The Financial Capability Outcome Frameworks by NPC indicate that “there is reasonably strong evidence from the US that where parents are proactive in teaching children to handle money (for example, by teaching them to handle an allowance and to manage a bank account), these children have lower levels of credit card debt in college.” By Angela Kail, Cecilie Hestbaek, Ellen Harries, Sally Bagwell, P40, August 2014. http://www.thinknpc.org/publications/financial-capability-outcome-frameworks/

EDUCATION Financial coaching and educational dialogue are important tools that parents and Financial Service Providers can use in responding to emerging risks, such as fraud. As a result, Financial Service Providers need to stress the importance of client protection and reduce risk whenever possible. To mitigate security risks, payment products for minors should be designed in a way that allows parents to control where and when minors spend their money. Financial education focused on risk plays an important role in a minor’s understanding of security issues. It also promotes awareness of their rights and obligations and of the precautions they should take to guarantee safe payments. It is important that Financial Service Providers foster parent-child dialogue about data protection and security risks for minors.

The Role of Schools

 ow levels of financial knowledge among minors L decreases their ability to fully participate in social and economic life, reducing opportunities for economic and financial stability in the future.15 Schools, therefore, play an instrumental role in raising the overall level of financial literacy for minors. Unlike banks and parents, schools also possess the skills and expertise to offer an unbiased and qualitative learning experience to all students.

In our increasingly complex and technologically advanced world, minors are confronted with making financial decisions at an earlier age while the choices available to them multiply and financial products become increasingly complex.16 They, therefore, need the knowledge and skills to deal with these choices at an earlier age and preferably in a safe and nurturing environment before having to apply them in the marketplace. Schools offer a uniform and educational experience to all minors, helping them overcome socioeconomic barriers and be exposed to financial lessons that they may not receive naturally in the household. Since financial institutions often lack the economic incentive to invest heavily in educational services, partnerships between schools and banks can offer a way to share the costs while offering a complete and objective learning experience. Additionally, schools can also reach out to parents and stimulate an intergenerational dialogue on responsible financial management and economic citizenship.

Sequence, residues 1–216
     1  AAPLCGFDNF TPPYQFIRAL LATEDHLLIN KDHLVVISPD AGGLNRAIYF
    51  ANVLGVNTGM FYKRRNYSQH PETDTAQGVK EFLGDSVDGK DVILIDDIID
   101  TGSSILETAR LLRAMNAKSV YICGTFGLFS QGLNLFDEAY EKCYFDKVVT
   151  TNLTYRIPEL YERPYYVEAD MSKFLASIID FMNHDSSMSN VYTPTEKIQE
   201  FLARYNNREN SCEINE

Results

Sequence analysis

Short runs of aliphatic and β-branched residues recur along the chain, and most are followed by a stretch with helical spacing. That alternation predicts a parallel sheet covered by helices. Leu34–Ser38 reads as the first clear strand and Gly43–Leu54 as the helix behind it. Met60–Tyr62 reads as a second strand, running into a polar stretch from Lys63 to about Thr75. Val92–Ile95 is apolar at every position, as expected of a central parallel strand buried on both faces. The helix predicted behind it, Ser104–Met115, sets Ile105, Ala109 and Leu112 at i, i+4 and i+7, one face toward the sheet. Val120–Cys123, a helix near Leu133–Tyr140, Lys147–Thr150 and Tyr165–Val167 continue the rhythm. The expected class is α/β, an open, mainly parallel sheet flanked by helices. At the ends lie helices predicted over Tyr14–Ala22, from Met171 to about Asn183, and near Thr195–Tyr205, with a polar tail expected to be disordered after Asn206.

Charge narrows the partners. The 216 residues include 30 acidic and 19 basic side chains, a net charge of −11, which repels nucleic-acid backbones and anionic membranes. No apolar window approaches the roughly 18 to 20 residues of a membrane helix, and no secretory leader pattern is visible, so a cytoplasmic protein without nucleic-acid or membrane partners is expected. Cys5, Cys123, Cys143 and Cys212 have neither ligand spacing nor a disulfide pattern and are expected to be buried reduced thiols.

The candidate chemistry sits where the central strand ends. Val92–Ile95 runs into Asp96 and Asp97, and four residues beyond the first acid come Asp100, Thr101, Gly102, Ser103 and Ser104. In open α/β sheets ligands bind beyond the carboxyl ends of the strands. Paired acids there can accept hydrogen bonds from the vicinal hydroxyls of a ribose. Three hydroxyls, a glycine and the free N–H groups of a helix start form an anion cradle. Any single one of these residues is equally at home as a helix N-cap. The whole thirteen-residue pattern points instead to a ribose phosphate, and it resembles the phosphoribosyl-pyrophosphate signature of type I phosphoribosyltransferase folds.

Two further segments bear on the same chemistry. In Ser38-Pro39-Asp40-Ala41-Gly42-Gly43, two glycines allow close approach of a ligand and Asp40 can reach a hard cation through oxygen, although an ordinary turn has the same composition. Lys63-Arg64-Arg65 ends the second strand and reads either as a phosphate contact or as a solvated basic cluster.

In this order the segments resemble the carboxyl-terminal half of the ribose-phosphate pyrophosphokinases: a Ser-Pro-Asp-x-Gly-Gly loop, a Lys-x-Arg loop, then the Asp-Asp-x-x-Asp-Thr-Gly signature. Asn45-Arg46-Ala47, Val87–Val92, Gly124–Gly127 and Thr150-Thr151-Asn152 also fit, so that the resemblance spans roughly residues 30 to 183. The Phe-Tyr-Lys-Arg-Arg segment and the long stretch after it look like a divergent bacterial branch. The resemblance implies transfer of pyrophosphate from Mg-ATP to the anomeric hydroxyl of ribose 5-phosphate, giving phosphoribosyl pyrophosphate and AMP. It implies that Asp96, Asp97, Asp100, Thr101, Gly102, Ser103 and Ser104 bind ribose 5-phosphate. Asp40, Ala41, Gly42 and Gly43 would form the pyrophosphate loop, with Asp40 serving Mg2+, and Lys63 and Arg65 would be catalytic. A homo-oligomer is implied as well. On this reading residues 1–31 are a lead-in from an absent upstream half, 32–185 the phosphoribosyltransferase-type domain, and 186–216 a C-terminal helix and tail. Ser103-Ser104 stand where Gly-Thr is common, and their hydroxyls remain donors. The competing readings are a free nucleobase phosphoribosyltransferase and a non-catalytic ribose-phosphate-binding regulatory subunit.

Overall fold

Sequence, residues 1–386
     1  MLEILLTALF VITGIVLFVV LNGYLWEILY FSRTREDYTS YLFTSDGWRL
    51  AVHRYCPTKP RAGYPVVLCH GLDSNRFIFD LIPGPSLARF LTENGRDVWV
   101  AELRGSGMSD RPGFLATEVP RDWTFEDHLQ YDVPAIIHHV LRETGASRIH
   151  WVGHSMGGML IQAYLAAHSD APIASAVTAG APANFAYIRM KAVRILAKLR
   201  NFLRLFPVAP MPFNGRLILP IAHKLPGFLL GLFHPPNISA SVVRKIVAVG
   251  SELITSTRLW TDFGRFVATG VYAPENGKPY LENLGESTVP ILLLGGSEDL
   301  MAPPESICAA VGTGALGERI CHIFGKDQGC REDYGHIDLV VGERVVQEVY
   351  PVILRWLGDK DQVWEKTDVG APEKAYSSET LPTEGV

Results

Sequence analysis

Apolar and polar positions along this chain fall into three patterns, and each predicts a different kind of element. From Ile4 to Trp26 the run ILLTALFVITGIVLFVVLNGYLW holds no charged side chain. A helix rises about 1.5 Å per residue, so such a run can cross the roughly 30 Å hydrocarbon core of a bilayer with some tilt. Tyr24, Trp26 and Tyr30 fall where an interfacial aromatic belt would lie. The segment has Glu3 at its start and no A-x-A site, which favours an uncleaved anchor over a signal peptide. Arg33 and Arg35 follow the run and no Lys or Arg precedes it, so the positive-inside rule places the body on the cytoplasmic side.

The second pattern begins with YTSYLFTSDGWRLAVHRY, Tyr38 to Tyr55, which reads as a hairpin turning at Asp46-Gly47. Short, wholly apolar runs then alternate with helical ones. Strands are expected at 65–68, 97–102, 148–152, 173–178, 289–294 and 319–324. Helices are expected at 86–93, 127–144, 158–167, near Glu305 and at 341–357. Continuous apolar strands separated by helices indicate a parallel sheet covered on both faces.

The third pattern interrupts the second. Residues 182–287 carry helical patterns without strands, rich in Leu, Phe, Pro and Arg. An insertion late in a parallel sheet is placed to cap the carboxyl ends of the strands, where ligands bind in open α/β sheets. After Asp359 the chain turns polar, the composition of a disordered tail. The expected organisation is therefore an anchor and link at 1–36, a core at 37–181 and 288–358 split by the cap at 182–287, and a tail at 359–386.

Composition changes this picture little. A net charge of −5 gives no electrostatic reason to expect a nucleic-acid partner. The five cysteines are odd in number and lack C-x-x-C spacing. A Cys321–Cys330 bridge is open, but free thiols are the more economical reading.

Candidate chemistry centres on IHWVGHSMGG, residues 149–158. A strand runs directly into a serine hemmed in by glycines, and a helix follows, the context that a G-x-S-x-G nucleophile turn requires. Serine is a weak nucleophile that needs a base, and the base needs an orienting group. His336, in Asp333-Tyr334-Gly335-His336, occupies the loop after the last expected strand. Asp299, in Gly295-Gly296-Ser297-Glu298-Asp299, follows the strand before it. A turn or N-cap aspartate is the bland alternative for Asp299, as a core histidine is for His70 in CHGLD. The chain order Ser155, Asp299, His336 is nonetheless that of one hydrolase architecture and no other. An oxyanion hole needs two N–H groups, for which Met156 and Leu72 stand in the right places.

13. Dr. David Whitebread and Dr. Sue Bingham, University of Cambridge. the Money Advice Service (2013). Habit Formation and Learning in Young Children, p.11. [online] Available: https://www.moneyadviceservice.org.uk/en/corporate/habit-formation-and-learning-in-young-children (2016, Nov). 14. Ibid., p.17 15. CYFI (2016). Landscape Series: Economic Citizenship Education for Children and Youth, p21-22. Available: https://issuu.com/childfinanceinternational/docs/cyfi-ece-landscape/1?e=7128000/37817530 [2016, Nov]. 16. APEC Human Resources Development Working Group (2014). Guidebook on Financial and Economic Literacy in Basic Education, p.1-14. Available: http://www.sfepd.org/APEC%20Guidebook%20on%20Financial%20and%20Economic%20Literacy%20FINAL%20formated_251114.pdf [2016, Nov].

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FRAUD A crucial topic in terms of digital payment risks, is fraud.17 Fraud is a broad term that encompasses identity and personal data theft, malware installations, phishing attacks and SIM card swap attacks. These breaches in security and reliability affect the overall efficiency of the payment products. IfS University College 2015 ‘Young People’s Money Index’, a survey of 2000+ young people 15-18 years old, across the UK showed that: •  38% of 15-18 year olds (and 24% of 15-16 year olds) said they’d received a call, text or email asking for bank details or PIN; • 3% experienced stolen cards; and • 1% experienced card cloning. Financial Service Providers and their clients should implement strong measures to protect client privacy and educate minors on safe and responsible spending. At the same time these strict security measures should not jeopardize consumer convenience, or payment efficiency.

17. FinCoNet, (2016). Online and mobile payments: Supervisory challenges to mitigate security risks [online]. Available: http://www.finconet.org/FinCoNet_Report_Online_Mobile_Payments.pdf [2016, Nov].

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//3 CONTRIBUTORS’ PROFILES

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CYFI Child & Youth Finance International (CYFI) believes that the key to fighting poverty is for people to learn how to manage and handle money, and have the confidence, knowledge and responsibility to spend and earn it responsibly. We have partnered with multiple of organizations in more than 100 countries around the world to create policies and programs that make children and youth able to learn about money, have access to a bank account, develop entrepreneurial skills and, most importantly, to believe in themselves. The following CYFI research helped support the development of this guide: ‘Money Management by young people: via what channels do they spend and save?’ What channels do young people use to spend and save their money, and do their payment cards meet their needs and wants.